Computer-memory chip manufacturer Micron Technology has posted a second straight profit after three years of losses.
Company officials said the second quarter profits are a result of strong positioning in the market, and favorable pricing.
Micron Chairman and CEO Steve Appleton said, “The company’s results are starting to reflect the combination of an improving market, strong operational performance, advanced technology and a broad product portfolio.”
The fiscal second quarter ended March 4, and had net income attributable to Micron shareholders of $365 million, or $0.39 per diluted share, on net sales of just under $2 billion. These results compare to net income of $204 million, or $0.23 per diluted share, on net sales of $1.74 billion for the first quarter of fiscal 2010 and a net loss of $763 million, or $0.99 per diluted share, on net sales of $1.0 billion for the second quarter of fiscal 2009, according to a release. Amounts and presentations for periods prior to fiscal 2010 have been recast for the effects of the adoption of new accounting standards for convertible debt and noncontrolling interests, company officials stated.
Boise-based Micron is the largest maker of computer-memory chips in the U.S.
According to reports, Micron and its competitors have recovered from a two-year industry glut, with prices rising enough to yield a wider profit margin. Speculation is that the chip fabrication industry will not be ramping up production until after the flooded market begins to ebb to normal levels.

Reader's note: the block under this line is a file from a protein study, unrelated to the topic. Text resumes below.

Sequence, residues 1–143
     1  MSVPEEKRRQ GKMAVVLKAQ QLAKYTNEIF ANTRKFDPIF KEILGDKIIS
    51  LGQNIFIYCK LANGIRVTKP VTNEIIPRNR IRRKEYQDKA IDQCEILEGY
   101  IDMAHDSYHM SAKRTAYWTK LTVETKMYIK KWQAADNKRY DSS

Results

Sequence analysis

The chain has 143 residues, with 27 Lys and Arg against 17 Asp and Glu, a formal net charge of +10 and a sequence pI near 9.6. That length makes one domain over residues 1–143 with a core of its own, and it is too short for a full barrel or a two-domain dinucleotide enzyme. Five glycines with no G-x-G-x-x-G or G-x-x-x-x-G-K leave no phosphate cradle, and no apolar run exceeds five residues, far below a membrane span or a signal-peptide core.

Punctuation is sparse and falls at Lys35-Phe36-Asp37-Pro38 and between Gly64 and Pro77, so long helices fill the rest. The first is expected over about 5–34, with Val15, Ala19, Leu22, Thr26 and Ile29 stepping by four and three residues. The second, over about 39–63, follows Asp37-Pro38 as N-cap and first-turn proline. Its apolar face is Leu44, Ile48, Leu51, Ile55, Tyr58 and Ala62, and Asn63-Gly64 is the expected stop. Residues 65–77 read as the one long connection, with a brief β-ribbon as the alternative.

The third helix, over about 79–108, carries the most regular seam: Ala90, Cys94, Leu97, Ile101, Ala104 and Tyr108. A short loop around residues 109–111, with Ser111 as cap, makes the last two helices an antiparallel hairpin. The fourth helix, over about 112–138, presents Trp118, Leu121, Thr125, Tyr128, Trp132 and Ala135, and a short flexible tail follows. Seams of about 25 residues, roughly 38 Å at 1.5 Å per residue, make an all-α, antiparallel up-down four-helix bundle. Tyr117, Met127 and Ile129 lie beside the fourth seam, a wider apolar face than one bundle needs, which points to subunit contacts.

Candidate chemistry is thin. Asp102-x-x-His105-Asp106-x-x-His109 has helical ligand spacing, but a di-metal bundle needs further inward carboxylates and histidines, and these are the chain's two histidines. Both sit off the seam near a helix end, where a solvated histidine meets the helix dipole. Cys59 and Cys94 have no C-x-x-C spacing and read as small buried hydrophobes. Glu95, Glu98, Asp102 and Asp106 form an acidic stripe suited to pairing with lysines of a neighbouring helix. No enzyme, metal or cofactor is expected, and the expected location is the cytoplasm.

Micron rose as much as 49 cents, or 4.7 percent, to $10.86 in extended trading after the announcement. The stock had closed at $10.37 in regular Nasdaq Stock Market trading. Micron was the second-biggest gainer in the 21-member Philadelphia Semiconductor Index last year.
Sales in the three months ended March 4 advanced to $1.96 billion. Analysts projected $1.81 billion on average.
In February, Micron Technology acquired Swiss chip competitor Numonyx Holdings B.V. in an all-stock transaction valued at about $1.27 billion, the Boise-based firm announced on Feb. 9.
Under terms of the deal, which is expected to close within three to six months, Micron will issue 140 million common shares to Numonyx, Intel Corp., STMicroelectronics N.V. and Francisco Partners.
Micron has reported an annual profit in only four of the past 10 years. The memory industry suffers from unpredictable swings in demand, making it hard to adjust production levels quickly enough. South Korea’s Samsung Electronics Co. is the world’s largest maker of computer memory.